The United States Defense Secretary Ashton Carter confirmed that the Pentagon will deploy tanks and heavy artilaries near the Russian borders in Eastern Europe and the Baltics in the wake of painful Ukraine crisis that has been annoying the NATO member states neighbouring with Russia.
Carter made the US official announcement on Tuesday when he visited Tallinn, the capital of Estonia which has been one of the most outspoken countries against Russia since it became independent from the former Soviet Union in 1991.
Carter met with defence chiefs of the Baltic countries in Tallinn and visited a NATO base where he spoke to troops aboard an American warship that had just completed naval drills in the Baltic Sea.
Carter told reporters with the defence chiefs that several countries in Eastern Europe and the Baltics, including Estonia, Lithuania, Latvia as well as Bulgaria, Romania and Poland had agreed to deploy US-led NATO arms in their soils.
Two American battle tanks were already deployed to Bulgaria last weekend by plane from Ramstein Air Base in Germany to take part in a maneuver intended to reassure NATO allies and show the US military’s ability to rapidly deploy equipment across Europe.
The Pentagon was reportedly said last week to store heavy military equipment in a significant move to deter “Russian aggression” towards Eastern Europe where the regional governments have long been worrying over whether the Kremlin will target themselves next in the wake of Ukraine conflicts.
Carter has reassured the Baltics about the alleged increasing Russian military presence and said the NATO was "committed to defending the territorial integrity of Estonia, Latvia and Lithuania.".
The Estonian Defence Minister Sven Mikser warmly welcomed the US decision to position heavy artilaries together with other military equipments since Estonia hosts an overwhelming amount of Russian-speaking minority, nearly one-third of the country’s total population.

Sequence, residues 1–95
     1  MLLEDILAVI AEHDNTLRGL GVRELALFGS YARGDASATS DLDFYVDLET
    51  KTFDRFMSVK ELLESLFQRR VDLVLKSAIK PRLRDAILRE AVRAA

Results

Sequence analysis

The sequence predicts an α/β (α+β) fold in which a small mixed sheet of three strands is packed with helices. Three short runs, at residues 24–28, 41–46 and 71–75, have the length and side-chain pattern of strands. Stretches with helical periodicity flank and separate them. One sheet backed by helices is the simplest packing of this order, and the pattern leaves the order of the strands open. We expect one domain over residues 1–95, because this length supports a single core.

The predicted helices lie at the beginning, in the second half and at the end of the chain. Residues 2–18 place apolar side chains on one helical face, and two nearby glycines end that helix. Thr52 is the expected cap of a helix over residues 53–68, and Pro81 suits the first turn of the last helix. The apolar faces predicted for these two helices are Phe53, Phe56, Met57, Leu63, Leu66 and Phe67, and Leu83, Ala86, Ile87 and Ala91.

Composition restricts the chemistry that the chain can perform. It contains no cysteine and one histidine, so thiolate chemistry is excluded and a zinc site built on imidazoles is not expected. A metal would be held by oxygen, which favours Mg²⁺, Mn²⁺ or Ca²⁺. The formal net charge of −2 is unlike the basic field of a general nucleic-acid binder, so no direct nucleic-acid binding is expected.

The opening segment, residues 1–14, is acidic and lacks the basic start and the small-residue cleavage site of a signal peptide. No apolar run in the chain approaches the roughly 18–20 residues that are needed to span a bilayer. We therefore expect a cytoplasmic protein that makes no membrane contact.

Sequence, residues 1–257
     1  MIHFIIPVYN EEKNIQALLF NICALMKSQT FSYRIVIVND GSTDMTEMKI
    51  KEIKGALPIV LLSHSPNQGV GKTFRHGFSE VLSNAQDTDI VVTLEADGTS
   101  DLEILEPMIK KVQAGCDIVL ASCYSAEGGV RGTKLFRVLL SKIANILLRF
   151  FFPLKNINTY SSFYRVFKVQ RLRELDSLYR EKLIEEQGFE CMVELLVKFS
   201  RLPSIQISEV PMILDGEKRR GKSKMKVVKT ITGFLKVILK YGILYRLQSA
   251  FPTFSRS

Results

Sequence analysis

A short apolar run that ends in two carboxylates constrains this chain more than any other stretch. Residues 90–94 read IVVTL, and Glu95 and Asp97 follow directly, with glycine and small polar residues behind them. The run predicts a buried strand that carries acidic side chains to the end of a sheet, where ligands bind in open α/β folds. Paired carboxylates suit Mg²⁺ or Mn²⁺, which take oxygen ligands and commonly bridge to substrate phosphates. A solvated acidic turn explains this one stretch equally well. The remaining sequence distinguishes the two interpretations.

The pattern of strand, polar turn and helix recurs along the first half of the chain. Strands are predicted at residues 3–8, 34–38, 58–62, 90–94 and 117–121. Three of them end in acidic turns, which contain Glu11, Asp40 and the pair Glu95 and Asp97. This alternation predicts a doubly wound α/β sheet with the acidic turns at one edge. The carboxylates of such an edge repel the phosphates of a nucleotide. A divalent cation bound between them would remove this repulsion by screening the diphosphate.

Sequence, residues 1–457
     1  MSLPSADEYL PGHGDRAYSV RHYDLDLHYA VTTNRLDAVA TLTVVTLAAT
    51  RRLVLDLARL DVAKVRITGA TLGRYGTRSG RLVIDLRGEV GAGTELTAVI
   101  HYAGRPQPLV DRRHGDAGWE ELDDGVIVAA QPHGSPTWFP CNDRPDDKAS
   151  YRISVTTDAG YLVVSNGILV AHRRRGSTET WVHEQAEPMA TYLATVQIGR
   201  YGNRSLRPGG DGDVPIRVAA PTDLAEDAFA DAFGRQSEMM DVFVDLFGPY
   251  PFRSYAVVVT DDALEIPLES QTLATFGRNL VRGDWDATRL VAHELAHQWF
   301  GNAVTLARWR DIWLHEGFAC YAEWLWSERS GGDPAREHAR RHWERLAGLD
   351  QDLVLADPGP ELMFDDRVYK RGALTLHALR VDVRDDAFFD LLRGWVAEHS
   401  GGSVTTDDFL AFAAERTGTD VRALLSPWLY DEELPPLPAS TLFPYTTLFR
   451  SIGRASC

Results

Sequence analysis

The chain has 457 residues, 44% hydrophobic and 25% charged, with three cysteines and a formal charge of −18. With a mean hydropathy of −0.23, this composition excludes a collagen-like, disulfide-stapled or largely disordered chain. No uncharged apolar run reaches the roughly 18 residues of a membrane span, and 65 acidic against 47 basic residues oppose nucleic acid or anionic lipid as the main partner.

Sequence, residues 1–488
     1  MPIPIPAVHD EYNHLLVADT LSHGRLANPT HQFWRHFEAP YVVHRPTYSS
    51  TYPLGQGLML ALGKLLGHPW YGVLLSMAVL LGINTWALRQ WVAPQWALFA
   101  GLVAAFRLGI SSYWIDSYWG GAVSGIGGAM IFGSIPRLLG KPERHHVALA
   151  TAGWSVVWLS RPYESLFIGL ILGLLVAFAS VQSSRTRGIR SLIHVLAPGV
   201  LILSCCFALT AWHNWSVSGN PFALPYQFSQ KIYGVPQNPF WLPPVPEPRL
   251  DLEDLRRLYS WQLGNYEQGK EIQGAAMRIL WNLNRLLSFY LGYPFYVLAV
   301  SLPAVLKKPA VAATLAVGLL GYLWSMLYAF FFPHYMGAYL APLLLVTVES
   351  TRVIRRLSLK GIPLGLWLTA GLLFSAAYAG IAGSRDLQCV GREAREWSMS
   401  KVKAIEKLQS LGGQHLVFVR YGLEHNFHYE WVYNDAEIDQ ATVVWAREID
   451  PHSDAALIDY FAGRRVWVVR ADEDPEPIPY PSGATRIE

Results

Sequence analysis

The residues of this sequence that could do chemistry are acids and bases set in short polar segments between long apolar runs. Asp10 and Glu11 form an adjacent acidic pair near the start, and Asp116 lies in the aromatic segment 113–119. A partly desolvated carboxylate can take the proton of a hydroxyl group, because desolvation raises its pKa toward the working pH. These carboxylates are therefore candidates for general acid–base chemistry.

"We have reasons to believe that Russia views the Baltic region as one of NATO's most vulnerable areas, a place where NATO's resolve and commitment could be tested," Mikser said.
NATO’s recent decision to militarise Eastern Europe was perceived as “disturbing” actions by Moscow as the Kremlin office claimed last week that Washington and its European allies have been attempting to change balance of power against Moscow in the region.
Moscow vehemently reacted to Washington’s drive to deploy NATO member states on the edge of its border and said on Monday that the proposed US move would be the most dangerous act since the Cold War to which it could immediately retaliate by beefing up its own forces.
The Kremlin stated that Moscow has been seeking the ways for protecting its security and interests in the coterminous Eastern Europe where constituent states of the former Soviet Union now became members in the Euro-Atlantic alliance.
Russian President Vladimir Putin announced last week that Russia was very concerned with the US-led NATO acts of getting prepared to deploy anti-missile defence systems near its borders and said they would add more than 40 intercontinental ballistic missiles to their nuclear arsenal this year.
However, the NATO also blamed Russia for fueling destabilisation in Eastern Europe through nuclear warfare as the Secretary General Jens Stoltenberg defined Moscow’s attitudes towards the region as being “sabre-rattling.”